Impaired angiogenesis and extracellular matrix metabolism in autosomal-dominant hyper-IgE syndrome
There are more than 7000 described rare diseases, most lacking specific treatment. Autosomal-dominant hyper-IgE syndrome (AD-HIES, also known as Job's syndrome) is caused by mutations in STAT3. These patients present with immunodeficiency accompanied by severe nonimmunological features, including skeletal, connective tissue, and vascular abnormalities, poor postinfection lung healing, and subsequent pulmonary failure. No specific therapies are available for these abnormalities. Here, we investigated underlying mechanisms in order to identify therapeutic targets. Histological analysis of skin wounds demonstrated delayed granulation tissue formation and vascularization during skin-wound healing in AD-HIES patients. Global gene expression analysis in AD-HIES patient skin fibroblasts identified deficiencies in a STAT3-controlled transcriptional network regulating extracellular matrix (ECM) remodeling and angiogenesis, with hypoxia-inducible factor 1α (HIF-1α) being a major contributor. Consistent with this, histological analysis of skin wounds and coronary arteries from AD-HIES patients showed decreased HIF-1α expression and revealed abnormal organization of the ECM and altered formation of the coronary vasa vasorum. Disease modeling using cell culture and mouse models of angiogenesis and wound healing confirmed these predicted deficiencies and demonstrated therapeutic benefit of HIF-1α-stabilizing drugs. The study provides mechanistic insights into AD-HIES pathophysiology and suggests potential treatment options for this rare disease.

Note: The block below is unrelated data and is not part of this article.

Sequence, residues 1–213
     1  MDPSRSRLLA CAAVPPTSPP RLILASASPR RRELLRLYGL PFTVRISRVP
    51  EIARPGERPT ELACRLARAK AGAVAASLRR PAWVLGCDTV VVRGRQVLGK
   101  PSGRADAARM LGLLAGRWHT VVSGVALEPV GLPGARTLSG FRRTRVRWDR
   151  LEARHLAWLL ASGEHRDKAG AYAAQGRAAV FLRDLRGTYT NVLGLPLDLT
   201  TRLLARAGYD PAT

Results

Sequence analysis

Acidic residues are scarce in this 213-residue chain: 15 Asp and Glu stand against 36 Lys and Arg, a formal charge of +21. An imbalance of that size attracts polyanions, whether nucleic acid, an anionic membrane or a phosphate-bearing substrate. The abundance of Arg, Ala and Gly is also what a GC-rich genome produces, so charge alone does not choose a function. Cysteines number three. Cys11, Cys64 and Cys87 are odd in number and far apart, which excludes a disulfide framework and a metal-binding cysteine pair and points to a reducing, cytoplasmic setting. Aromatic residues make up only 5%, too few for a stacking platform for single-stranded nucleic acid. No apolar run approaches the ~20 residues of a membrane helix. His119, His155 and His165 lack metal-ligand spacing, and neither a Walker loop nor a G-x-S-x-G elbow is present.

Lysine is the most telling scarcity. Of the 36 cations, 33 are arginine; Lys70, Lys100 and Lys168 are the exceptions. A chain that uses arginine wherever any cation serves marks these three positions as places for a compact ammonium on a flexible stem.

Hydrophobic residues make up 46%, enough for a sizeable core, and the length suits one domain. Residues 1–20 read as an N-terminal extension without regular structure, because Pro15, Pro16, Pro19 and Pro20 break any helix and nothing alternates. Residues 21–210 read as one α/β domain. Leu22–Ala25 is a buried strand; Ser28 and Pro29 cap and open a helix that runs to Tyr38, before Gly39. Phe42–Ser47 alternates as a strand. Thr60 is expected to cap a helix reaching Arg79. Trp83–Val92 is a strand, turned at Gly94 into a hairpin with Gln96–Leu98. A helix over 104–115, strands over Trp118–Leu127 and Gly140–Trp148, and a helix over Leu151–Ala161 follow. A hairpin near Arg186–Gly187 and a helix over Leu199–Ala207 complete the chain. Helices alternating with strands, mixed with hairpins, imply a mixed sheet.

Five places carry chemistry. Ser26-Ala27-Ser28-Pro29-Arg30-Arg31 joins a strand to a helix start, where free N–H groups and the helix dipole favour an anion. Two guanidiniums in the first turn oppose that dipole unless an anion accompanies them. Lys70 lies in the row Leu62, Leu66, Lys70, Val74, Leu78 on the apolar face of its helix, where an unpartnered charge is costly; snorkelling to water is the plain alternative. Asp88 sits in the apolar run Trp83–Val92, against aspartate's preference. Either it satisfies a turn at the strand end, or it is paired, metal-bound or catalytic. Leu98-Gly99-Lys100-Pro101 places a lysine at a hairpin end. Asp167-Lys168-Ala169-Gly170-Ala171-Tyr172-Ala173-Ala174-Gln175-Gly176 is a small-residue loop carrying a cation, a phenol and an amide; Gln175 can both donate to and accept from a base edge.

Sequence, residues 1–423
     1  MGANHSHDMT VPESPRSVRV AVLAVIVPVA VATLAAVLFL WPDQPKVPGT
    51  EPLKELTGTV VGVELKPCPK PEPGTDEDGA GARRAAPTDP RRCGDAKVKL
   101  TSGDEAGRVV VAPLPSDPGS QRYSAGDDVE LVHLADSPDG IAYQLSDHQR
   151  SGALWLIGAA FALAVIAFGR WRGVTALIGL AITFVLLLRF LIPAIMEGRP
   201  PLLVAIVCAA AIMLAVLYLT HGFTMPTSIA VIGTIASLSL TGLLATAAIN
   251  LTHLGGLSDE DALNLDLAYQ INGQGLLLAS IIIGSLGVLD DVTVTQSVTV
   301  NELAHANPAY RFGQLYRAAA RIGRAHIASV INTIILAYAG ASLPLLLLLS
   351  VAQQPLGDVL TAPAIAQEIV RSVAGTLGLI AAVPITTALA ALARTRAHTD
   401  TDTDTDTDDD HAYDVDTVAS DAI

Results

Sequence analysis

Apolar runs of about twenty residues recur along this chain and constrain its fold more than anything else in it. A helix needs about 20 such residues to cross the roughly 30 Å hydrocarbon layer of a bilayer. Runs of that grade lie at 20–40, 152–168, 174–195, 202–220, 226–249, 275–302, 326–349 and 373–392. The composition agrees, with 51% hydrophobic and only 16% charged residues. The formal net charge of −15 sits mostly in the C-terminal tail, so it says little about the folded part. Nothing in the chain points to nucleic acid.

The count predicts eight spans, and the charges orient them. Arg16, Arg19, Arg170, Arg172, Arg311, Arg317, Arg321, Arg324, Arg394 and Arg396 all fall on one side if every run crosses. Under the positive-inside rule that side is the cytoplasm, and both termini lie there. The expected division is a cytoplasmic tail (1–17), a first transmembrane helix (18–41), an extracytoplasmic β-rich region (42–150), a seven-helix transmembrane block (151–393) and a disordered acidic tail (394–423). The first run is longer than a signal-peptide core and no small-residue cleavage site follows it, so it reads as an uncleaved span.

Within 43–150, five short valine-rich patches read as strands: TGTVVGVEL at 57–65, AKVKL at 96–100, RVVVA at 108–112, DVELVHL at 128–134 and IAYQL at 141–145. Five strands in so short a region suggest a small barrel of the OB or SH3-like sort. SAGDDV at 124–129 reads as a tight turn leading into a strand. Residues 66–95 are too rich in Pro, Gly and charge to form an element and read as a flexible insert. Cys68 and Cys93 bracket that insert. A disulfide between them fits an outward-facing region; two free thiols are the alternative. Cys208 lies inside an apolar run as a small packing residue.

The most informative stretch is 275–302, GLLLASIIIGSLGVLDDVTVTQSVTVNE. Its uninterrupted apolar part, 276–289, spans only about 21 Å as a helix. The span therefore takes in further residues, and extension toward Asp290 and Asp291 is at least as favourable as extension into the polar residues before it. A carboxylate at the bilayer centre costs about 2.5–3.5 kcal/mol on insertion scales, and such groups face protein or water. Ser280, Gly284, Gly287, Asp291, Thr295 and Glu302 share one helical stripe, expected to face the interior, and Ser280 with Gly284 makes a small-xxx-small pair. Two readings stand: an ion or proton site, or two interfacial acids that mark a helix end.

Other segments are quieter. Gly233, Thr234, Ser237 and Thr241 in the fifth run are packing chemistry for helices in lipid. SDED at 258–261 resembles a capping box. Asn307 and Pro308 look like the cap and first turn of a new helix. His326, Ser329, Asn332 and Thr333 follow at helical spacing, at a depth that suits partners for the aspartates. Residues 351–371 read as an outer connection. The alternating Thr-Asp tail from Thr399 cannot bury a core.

|Authors||Dmitrieva NI, Walts AD, Nguyen DP, Grubb A, Zhang X, Wang X, Ping X, Jin H, Yu Z, Yu ZX, Yang D, Schwartzbeck R, Dalgard CL, Kozel BA, Levin MD, Knutsen RH, Liu D, Milner JD, López DB, O'Connell MP, Lee CR, Myles IA, Hsu AP, Freeman AF, Holland SM, Chen G, Boehm M|
|Journal||The Journal of clinical investigation|
|Publication Date||2020 Aug 3;130(8):4167-4181|